La Traviata noting

Notes on Verdi's La Traviata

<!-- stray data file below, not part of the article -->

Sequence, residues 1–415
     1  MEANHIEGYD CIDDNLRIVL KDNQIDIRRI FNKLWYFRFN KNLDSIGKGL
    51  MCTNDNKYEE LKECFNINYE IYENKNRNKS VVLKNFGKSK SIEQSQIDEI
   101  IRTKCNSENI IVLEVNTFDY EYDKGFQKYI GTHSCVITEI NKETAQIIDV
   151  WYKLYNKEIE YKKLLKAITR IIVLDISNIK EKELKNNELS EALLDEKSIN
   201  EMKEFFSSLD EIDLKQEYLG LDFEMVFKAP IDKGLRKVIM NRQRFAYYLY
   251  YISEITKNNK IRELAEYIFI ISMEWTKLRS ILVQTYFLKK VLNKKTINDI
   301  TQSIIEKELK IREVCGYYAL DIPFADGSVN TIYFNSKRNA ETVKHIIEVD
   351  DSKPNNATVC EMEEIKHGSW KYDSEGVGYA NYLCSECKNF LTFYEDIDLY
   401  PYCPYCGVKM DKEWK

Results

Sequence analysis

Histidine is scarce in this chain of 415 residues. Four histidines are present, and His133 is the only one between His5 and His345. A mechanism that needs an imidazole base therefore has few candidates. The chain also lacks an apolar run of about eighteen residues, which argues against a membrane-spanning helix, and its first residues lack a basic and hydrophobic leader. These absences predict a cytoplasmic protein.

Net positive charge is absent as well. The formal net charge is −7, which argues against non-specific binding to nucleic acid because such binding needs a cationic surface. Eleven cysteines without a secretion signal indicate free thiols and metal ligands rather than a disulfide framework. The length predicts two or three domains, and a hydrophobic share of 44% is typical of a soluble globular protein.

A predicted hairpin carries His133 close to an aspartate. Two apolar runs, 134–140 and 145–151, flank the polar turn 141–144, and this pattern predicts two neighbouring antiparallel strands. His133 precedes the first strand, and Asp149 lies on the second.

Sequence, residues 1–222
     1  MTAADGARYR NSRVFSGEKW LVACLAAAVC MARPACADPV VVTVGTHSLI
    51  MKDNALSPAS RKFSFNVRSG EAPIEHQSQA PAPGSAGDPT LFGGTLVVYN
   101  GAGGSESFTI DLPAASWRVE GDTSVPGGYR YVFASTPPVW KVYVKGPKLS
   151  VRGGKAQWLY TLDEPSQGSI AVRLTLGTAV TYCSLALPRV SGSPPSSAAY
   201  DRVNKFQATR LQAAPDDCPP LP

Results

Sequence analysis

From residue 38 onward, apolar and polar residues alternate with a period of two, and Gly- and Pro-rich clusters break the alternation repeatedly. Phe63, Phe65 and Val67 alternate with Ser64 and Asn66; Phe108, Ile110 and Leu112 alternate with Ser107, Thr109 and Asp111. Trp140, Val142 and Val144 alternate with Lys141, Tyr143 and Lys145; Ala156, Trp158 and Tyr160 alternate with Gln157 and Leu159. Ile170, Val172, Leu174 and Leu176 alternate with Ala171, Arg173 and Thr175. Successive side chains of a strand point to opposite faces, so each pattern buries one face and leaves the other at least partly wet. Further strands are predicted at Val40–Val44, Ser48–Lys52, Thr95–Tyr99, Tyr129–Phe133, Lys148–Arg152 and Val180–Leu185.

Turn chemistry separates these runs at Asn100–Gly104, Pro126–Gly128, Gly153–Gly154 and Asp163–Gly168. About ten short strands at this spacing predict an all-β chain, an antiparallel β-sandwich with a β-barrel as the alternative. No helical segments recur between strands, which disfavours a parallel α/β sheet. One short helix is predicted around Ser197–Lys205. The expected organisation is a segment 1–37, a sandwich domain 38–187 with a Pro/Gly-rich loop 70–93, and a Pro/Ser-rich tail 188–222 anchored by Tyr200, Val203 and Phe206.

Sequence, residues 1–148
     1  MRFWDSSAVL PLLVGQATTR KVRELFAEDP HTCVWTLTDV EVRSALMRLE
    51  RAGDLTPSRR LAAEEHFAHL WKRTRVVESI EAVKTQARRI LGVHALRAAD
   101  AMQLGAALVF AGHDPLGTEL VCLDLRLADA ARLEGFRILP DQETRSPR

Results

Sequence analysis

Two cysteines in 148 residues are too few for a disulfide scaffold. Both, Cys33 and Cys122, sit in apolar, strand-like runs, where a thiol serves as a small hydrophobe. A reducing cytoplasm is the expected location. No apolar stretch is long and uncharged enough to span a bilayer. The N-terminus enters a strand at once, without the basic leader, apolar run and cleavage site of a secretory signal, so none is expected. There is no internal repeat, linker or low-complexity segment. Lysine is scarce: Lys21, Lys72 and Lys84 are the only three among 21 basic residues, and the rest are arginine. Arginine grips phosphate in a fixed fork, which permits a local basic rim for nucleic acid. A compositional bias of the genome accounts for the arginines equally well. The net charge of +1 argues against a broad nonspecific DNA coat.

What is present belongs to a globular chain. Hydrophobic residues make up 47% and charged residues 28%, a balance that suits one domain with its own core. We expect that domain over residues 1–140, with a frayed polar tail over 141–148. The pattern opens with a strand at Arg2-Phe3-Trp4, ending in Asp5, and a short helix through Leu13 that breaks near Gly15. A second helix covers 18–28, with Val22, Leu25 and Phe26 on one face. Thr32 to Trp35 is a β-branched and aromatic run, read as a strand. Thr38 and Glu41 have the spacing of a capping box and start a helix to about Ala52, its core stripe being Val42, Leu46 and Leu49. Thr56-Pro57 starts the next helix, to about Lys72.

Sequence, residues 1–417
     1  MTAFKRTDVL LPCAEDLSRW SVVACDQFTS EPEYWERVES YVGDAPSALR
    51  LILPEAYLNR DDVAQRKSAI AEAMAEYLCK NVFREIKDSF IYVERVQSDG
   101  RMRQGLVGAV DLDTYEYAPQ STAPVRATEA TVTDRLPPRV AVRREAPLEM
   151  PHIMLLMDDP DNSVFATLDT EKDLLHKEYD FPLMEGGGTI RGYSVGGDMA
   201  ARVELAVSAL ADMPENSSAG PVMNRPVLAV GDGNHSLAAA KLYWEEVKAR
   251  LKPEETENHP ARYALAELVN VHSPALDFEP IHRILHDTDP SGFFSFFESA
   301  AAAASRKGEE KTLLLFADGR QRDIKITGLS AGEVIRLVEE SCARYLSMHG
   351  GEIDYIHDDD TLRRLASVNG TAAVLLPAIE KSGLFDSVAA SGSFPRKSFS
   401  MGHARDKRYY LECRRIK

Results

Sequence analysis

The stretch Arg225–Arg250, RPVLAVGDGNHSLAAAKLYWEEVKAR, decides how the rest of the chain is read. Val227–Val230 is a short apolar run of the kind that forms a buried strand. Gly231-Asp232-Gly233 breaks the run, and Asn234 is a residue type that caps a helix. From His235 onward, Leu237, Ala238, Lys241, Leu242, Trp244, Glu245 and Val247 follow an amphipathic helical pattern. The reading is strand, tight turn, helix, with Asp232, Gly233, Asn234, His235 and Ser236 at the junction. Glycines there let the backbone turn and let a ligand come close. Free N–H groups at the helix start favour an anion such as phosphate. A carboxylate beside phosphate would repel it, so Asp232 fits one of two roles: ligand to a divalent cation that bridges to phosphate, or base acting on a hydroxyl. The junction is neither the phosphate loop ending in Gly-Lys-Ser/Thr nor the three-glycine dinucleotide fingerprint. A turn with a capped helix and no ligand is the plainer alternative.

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  LA TRAVIATA NOTES General: Librettist: Francesco Maria Piave Date: March 1853 (failure) Revised performance Date: May 1854 Theatre and City: Teatro La Fenice, Venice Revised performance Theatre and City: Teatro San Benedetto, Venice Source Material: La dame aux camélias: The BOOK and then later the PLAY Source Material Author: Alexandre Dumas fils Source Material Date: 1848 (book), 1852 (play) Issues of Innovation:    CONTEMPORARY SETTING:   o   Censors refused this:      Re-set at the beginning of the 18 th  Century   o   Based on a modern source as well!!!      USE OF DISEASE AS SUBJECT MATTER:   o   Tuberculosis (consumption) was really big disease at the time.      COURTESAN HEROINE   o   Idea of a courtesan for a heroine was shocking to the audiences and provoked critics to react passionately.      MUSICAL PERSONALITY –  Particularly in Violetta      THE PRELUDE (see operatic form)      MANIPULATION OF TRAGEDY GENRE:   o   Seen as an art form of high status, therefore created a new seriousness for the operatic stage.   o   Romanticism with emphasis on feelings:      Undermined by being a courtesan, idea of immediate sexual gratification   o   Delayed happy ending (often with lovers meeting beyond the grave)      Violetta’s death and Alfredo living keeps the lovers permanently apart throughout the opera   o   Romantic death often with symbolism of moving on to a higher place and disconnected from the real world:      Violetta’s death is ugly, she is scared of death and it is juxtaposed against the sound of people enjoying themselves offstage- placing it in real life    OPERATIC FORM FURTHER INNOVATED:    o   Use of repeating themes of music like the love theme, the breathing theme.   o   More developments of form  Operatic Form:    PRELUDE: o   Musical depiction of the start of the novel (Violetta (Marguerie) dying in bed as her belongings are being auctioned off)   o   Opening phrases shortening in length reflect Violetta’s loss of breath –  (Used later in Act 3)   o   Love theme then appears again preempting the music of hers and Alredo’s love.      ‘Ah, forsè lui’   o   UNBELIEVABLE DEPICTION OF AN EMFATUATION LOVE THROUGH MUSIC.   o   Uses material from her previous duet with Alfredo.      Shows that she is thinking about him and that she loves him.      In ‘di quell’amor’ –  turns into their anthem of love.       Andantino: ‘Ah forsè lui:      ABAB and coda (B sections are the reprise of ‘di quell’amor’ which is built up to very obviously.    Tempo di mezzo: ‘Follie! Follie!’      Suggesting she is mad wanting to settle down with Alfredo.    Recit. Acts as a banishing of the love theme and she settles into her cabaletta suggesting she wants to be free.    C abaletta: ‘sempre libera’      Trying to suggest to herself that she is free     ALFREDO OFFSTAGE PROMTING an ARIOSO:      Singing ‘amore palpito’ offstage and his singing stops her flat as she is musically transfixed by him.    ‘Follie!’ then returns with huge coloratura as she tries again to banish his voice    Cabaletta (II): Sempre Libera:    A repeat of the cabaletta happens followed by Alfredo being heard offstage again.     Violetta continues trying to banish him from her mind repeating’ fly, my thoughts’.      ‘Addio del passato’ – Violetta Aria Act III o   ONE MOVEMENT (doesn’t have the strength to build into a faster second movement and so helps show bleakness)   o   BLEAK DEPICTION OF DEATH –  unmarked grave without a cross.   o   Recit. –  letter and recitative   o   Reads the letter from Germont saying that he told Alfredo that she does love him.      Underscored of ‘di quell’amor’ but the shimmering tremolo strings make it seem like a distant sobbing dream   o   Then a short recitative ending in the finality of a downwards octave leap on ‘morta’ –  forshaddowing death.   o   Movement 1- Andante mosso- ‘addio del passato’   o   Melody line is that of a dramatic soprano   o   Accompaniment mirrors Violetta’s livelihood, growing and dying with her strength and energy      starts with sparse quaver beats (line a failing heart or failing breath).      She builds up a bit of strength as the quavers become more sustained and the orchestration more dense but it dies away again back to the three quavers.      (these three quavers can be seen as preempting the death motif –  it is on her mind but not yet in full fruition).   o   The OBOE:      This instrument almost represents Violetta’s thoughts in this aria:      Often taking over the melody line when her character does not have the strength to speak- an extension of herself.   o   The ENDING:      Doesn’t end on the conventional chord following her final A but rather lets the accompaniment fizzle out, again an extension of her character continuing on from a final note (drama before music).      DUETS - 3 important duets in the opera:    ‘Un dì felice’ –  Act I –  Alfredo and Violetta    o   Sets up Alfredo and Violetta’s love for the first time.      ‘Alfredo’ –  Act II –  Violetta and Germont    o   C. 20 minutes in length   o   Where Violetta chooses to do whats best for Alfredo and his family (according to Germont) and so transforms into a Madonna.   o   Germont tries to persuade Violetta to leave Alfredo.   o   Uses excuses like the turn- off of age and Alfredo’s sister’s inability to get married if they stay together to persuade her.      ‘Signora’ –  Act III –  Violetta and Alfredo   o   Violetta, at the sight of Alfredo, suddenly comes back to vocal life with a huge cadenza with him. o   An arioso of interlocking responsive vocal lines sees VIoletta flake away back to her ill self o   ‘Parigi o Cara’   o   Starts after the music restores Violetta to her weakened state. o   Alfredo, still perfectly healthy starts a traditionally-flavoured melody with waltz-like string accompaniment.    Violetta tries to respond but needs Alfredo saying ‘si’ to urge her voice on to the completion of the line. And then underpinning her. Feels like he is musically keeping her afloat. o   Alfredo, seeing Violetta is falling off and so interrupts the end of her line and tries a second melody with the same words, this time a spin- off of their srcinal ‘di quell’amor’ motif but to no avail, Violetta can only respond with short breathful responsnses. o   Alfredo ends singing Violetta’s breathless motif, almost in recognition of her demise. o   FEELS LIKE, VOCALLY, ALFREDO IS TRYING TO RESTORE HER BUT, THROUGH THE DUET, VIOLETTA IS GETTING WEAKER AND MORE DILLUSIONAL    Can see al this just through the music and the vocal line.